We all cringed, then laughed when Dr. Mark Serreze of NSIDC first said it, then marveled about it as it got a life of its own, being the buzzphrase for every alarmist who wanted to shriek about declining Arctic sea ice.
In 2007 we heard him say:
“The Arctic is screaming,” said Mark Serreze, senior scientist at the government’s snow and ice data center in Boulder, Colorado.
So far, the “screaming” hasn’t kept anyone awake at night, and we have not returned to the low of 2007 in the last three melt seasons.
In 2008 Serreze made the bold claim:
The ice is in a “death spiral” and may disappear in the summers within a couple of decades, according to Mark Serreze, an Arctic climate expert at the National Snow and Ice Data Center in Boulder, Colorado.
And in 2008 we had the forecast from NSIDC’s Dr. Mark Serreze of an “ice free north pole”. As we know, that didn’t even come close to being true. Summer 2008 had more arctic ice than summer 2007, and summer 2007 was not “ice free” by any measure.
With those failed predictions behind him, in an interview in The Age just a few weeks ago, Serreze pulled a Harold Camping, and changed his prediction date. Now he’s saying the new date for an ice free summer is 2030.
”There will be ups and downs, but we are on track to see an ice-free summer by 2030. It is an overall downward spiral.”
Now from a most surprising source, Andy Revkin at the NYT, a strong statement saying he’s not buying it anymore:
But even as I push for an energy quest that limits climate risk, I’m not worried about the resilience of Arctic ecosystems and not worried about the system tipping into an irreversibly slushy state on time scales relevant to today’s policy debates. This is one reason I don’t go for descriptions of the system being in a “death spiral.”
The main source of my Arctic comfort level — besides what I learned while camped with scientists on the North Pole sea ice — is the growing body of work on past variability of conditions in the Arctic. The latest evidence of substantial past ice variability comes in a study in the current issue of Science. The paper, combining evidence of driftwood accumulation and beach formation in northern Greenland with evidence of past sea-ice extent in parts of Canada, concludes that Arctic sea ice appears to have retreated far more in some spans since the end of the last ice age than it has in recent years.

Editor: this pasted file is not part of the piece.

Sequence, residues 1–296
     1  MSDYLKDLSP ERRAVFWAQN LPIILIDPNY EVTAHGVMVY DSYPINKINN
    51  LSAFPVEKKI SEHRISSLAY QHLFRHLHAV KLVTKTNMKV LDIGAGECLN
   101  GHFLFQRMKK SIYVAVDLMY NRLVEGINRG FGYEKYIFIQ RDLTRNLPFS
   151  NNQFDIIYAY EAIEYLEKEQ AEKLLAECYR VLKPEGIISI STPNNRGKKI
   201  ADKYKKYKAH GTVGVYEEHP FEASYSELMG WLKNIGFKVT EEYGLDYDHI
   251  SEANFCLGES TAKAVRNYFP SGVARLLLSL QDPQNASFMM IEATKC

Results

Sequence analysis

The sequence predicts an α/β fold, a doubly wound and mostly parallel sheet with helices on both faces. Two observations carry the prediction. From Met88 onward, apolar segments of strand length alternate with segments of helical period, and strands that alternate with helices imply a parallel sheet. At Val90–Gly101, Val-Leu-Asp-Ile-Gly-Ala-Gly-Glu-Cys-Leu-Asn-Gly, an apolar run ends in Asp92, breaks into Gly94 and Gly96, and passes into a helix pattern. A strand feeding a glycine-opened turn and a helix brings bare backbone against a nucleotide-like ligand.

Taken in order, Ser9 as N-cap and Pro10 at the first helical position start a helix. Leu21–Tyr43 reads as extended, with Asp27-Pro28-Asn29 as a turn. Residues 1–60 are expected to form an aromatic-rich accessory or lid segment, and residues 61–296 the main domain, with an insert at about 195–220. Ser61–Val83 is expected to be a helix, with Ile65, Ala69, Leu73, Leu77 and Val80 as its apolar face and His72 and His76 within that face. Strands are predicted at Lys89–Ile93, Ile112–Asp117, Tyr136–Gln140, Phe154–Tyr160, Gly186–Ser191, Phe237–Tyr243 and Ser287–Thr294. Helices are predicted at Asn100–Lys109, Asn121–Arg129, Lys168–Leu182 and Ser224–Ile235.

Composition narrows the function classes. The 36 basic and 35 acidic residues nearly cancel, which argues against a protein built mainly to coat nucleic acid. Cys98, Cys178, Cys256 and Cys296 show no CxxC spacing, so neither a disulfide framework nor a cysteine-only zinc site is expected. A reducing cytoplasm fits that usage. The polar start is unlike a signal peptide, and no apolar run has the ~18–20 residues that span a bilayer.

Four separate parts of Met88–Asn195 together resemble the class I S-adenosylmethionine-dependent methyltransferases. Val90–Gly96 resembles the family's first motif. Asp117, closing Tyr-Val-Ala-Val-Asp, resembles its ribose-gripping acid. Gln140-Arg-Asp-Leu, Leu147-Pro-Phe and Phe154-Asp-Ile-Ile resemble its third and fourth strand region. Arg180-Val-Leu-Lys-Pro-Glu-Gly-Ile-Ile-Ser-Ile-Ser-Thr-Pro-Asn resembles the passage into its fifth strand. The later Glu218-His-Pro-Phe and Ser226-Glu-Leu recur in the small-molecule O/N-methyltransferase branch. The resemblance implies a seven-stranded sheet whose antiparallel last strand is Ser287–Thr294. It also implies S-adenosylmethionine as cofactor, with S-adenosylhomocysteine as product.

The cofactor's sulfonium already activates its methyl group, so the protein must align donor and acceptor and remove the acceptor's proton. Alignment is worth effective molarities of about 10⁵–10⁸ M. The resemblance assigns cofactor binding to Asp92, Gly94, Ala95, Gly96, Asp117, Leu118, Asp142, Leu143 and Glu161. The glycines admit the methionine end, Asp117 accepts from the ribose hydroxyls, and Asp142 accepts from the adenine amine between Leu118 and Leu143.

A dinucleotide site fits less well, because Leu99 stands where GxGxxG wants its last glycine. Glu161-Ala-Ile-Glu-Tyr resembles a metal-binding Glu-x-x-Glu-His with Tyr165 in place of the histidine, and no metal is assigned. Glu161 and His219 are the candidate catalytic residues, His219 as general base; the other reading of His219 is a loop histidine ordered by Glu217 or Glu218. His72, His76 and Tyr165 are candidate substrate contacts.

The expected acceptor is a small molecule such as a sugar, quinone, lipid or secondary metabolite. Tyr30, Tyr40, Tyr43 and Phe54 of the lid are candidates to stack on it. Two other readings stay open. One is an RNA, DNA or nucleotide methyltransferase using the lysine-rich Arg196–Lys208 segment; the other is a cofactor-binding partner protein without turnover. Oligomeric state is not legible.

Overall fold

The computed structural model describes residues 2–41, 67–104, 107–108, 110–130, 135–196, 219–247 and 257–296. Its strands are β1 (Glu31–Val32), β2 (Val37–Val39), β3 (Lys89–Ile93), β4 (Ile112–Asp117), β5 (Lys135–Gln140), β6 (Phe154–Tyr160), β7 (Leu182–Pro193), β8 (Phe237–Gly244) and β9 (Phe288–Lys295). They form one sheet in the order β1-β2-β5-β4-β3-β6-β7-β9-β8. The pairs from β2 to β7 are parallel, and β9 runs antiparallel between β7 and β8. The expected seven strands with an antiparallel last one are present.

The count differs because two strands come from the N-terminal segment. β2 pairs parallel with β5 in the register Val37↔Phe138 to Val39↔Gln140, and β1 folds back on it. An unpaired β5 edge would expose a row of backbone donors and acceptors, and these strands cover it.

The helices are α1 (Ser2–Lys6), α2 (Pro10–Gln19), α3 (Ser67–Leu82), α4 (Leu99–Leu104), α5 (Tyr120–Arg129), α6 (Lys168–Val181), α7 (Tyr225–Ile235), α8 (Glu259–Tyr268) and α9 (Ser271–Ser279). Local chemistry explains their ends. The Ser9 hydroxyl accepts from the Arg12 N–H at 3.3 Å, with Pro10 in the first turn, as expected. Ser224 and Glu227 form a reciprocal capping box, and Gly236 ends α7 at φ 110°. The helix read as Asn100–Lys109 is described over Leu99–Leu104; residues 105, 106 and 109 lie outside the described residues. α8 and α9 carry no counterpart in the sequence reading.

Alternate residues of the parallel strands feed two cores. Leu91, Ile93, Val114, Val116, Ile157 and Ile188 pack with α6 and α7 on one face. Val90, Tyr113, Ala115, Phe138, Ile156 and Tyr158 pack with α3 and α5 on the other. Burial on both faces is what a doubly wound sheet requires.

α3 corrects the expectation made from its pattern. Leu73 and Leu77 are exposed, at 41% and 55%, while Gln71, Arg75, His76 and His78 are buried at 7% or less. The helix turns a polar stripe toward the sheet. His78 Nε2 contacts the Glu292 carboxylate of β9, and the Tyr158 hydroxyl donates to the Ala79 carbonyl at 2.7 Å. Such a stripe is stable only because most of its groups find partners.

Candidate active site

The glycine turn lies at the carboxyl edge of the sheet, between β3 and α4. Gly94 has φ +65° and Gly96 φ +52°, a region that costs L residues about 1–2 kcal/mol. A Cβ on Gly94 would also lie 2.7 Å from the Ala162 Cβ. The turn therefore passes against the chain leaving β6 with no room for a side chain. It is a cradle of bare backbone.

Michael MacCracken, a veteran climate modeler and chief scientist at the Climate Institute, noted on the Google group on geo-engineering that this new paper adds credence to proposals for an Arctic focus for managing incoming sunlight as a way to limit greenhouse-driven impacts. (Personally, I don’t see this kind of effort going anywhere unless and until climate impacts trend toward worst-case outcomes.)
He’s referring of course to this paper we covered here on WUWT:
I wrote then:
This is interesting. While there’s much noise from alarmists that we are on an “Arctic death spiral” the team for this paper’s press release today found evidence that ice levels were about 50% lower 5,000 years ago. The paper references changes to wind systems which can slow down the rate of melting (something we’ve seen on the short term, even NASA points this out for recent historic ice retreats). They also suggest that a tipping point under current scenarios is unlikely saying that even with a reduction to less than 50% of the current amount of sea ice the ice will not reach a point of no return (i.e. a tipping point).